>
    > Do a google search for Manual J and read up. In addition there are several free programs out there to run the calculations. Slant one has one that works fairly well if you have a tablet or smart phone.

    Ok maybe I wasn't specific, I was wondering if you do a total heat loss on a house and come up with the amount of baseboard radiation that every room needs and then find the total BTU output that the boiler needs to be but then you measure the amount of radiation the house has and it's less then the calculation wouldn't the boiler be oversized to the amount of existing radiation.
  • KC_Jones
    KC_Jones Member Posts: 5,081
    If that happens, and the house has never had issues heating, then your heat loss calculations are wrong.

    And yes the boiler is oversized for the radiation and shouldn’t be installed as you can’t do anything with the excess boiler output.

    If the radiation does 50k and you put in 100k boiler, you heat the house with 50k. If the radiation does 50k and you put in a 500k boiler, you heat the house with 50k.
    2014 Weil Mclain EG-40
    EcoSteam ES-20 Advanced Boiler Control
    Boiler pictures updated 2/21/15
  • Jamie Hall
    Jamie Hall Member Posts: 18,923
    Dave8699 said:

    > @KC_Jones said:

    > There isn’t a factor. You do a Manual J heat loss calculation on the building. Everything else is a guess, and at 50 per sq ft it isn’t even an educated guess IMHO.

    >

    > Do a google search for Manual J and read up. In addition there are several free programs out there to run the calculations. Slant one has one that works fairly well if you have a tablet or smart phone.



    Ok maybe I wasn't specific, I was wondering if you do a total heat loss on a house and come up with the amount of baseboard radiation that every room needs and then find the total BTU output that the boiler needs to be but then you measure the amount of radiation the house has and it's less then the calculation wouldn't the boiler be oversized to the amount of existing radiation.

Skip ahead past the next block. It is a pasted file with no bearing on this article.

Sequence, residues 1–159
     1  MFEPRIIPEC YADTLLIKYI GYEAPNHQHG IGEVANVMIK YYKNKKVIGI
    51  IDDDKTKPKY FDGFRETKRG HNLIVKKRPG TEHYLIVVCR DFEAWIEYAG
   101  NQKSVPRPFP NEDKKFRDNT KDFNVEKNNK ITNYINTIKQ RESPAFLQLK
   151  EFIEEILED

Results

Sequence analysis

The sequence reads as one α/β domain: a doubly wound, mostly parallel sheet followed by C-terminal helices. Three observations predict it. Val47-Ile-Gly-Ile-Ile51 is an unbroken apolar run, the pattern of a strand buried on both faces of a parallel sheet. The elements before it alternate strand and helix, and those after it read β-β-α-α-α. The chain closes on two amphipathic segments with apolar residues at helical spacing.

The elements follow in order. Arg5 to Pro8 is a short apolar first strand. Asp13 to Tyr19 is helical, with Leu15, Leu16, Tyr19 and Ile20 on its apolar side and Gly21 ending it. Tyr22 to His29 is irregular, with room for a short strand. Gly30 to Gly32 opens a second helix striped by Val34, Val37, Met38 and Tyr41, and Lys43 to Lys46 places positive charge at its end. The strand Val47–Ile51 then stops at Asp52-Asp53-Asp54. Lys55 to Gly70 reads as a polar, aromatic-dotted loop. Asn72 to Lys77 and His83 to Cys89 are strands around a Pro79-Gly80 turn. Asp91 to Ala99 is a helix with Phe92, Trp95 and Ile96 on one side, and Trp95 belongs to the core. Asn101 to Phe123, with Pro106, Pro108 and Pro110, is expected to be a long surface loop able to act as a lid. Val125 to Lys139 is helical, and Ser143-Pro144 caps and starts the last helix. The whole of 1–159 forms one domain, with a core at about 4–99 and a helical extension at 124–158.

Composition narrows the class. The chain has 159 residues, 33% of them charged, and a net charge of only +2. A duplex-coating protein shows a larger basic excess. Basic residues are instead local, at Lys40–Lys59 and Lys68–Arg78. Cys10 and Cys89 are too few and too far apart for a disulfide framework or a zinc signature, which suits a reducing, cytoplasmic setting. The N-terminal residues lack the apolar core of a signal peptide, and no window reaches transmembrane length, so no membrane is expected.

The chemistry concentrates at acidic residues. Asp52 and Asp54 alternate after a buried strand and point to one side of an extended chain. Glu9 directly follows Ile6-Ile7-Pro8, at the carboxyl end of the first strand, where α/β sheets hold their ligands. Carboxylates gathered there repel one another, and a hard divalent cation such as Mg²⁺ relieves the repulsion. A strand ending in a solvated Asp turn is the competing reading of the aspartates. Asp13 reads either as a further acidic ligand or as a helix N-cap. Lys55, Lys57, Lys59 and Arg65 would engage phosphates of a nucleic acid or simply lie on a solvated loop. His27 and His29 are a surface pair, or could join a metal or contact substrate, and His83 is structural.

OK. Let's be quite specific. Step one. Do a heat loss calculation on the house. I use the Slant/fin application, which works just as well on a computer as it does on a tablet or PC. It will quite happily give you both a total heat loss for the structure and a room by room heat loss.

    Step Two. If you don't mind a bit of advertising (the thing is, after all, put out there for us by a manufacturer!) it will also recommend the amount of baseboard you need for each room.

    Step Three. Select a boiler which matches the total heat load of the house. Don't oversize. Don't undersize either; try to get as close as you can.

    Step Four. If some rooms appear to be under radiated, add radiation if you can. Ideally all the rooms on any one zone should be able to deliver the needed heat with the same water temperature (assuming reverse return).

    Now. If we suppose that the house appears to have inadequate radiation already in place, talk to your client. If they are happy with what they have -- the house heats well enough -- as @KC_Jones suggested, go back and revisit your calculations. We all make minor (or major!) errors from time to time. If it looks like you calculations are OK, talk to the client some more. Do they run the house cold? Do they just ignore some cold rooms? What's the story?
    Br. Jamie, osb
    Building superintendent/caretaker, 7200 sq. ft. historic house museum with dependencies in New England